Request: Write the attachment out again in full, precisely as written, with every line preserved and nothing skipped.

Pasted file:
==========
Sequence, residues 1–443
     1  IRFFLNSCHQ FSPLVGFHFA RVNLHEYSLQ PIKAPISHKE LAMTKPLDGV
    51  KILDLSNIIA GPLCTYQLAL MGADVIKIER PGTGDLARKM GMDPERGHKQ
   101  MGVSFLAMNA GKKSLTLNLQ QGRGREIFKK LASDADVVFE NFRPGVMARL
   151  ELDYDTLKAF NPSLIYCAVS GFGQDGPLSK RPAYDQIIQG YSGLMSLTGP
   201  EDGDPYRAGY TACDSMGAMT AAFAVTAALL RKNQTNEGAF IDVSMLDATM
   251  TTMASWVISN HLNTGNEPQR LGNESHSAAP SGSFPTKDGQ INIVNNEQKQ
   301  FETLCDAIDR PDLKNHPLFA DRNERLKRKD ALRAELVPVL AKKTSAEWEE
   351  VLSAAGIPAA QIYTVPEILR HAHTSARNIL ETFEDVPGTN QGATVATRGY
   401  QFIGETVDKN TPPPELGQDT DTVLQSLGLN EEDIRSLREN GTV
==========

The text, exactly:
Sequence, residues 1–443
     1  IRFFLNSCHQ FSPLVGFHFA RVNLHEYSLQ PIKAPISHKE LAMTKPLDGV
    51  KILDLSNIIA GPLCTYQLAL MGADVIKIER PGTGDLARKM GMDPERGHKQ
   101  MGVSFLAMNA GKKSLTLNLQ QGRGREIFKK LASDADVVFE NFRPGVMARL
   151  ELDYDTLKAF NPSLIYCAVS GFGQDGPLSK RPAYDQIIQG YSGLMSLTGP
   201  EDGDPYRAGY TACDSMGAMT AAFAVTAALL RKNQTNEGAF IDVSMLDATM
   251  TTMASWVISN HLNTGNEPQR LGNESHSAAP SGSFPTKDGQ INIVNNEQKQ
   301  FETLCDAIDR PDLKNHPLFA DRNERLKRKD ALRAELVPVL AKKTSAEWEE
   351  VLSAAGIPAA QIYTVPEILR HAHTSARNIL ETFEDVPGTN QGATVATRGY
   401  QFIGETVDKN TPPPELGQDT DTVLQSLGLN EEDIRSLREN GTV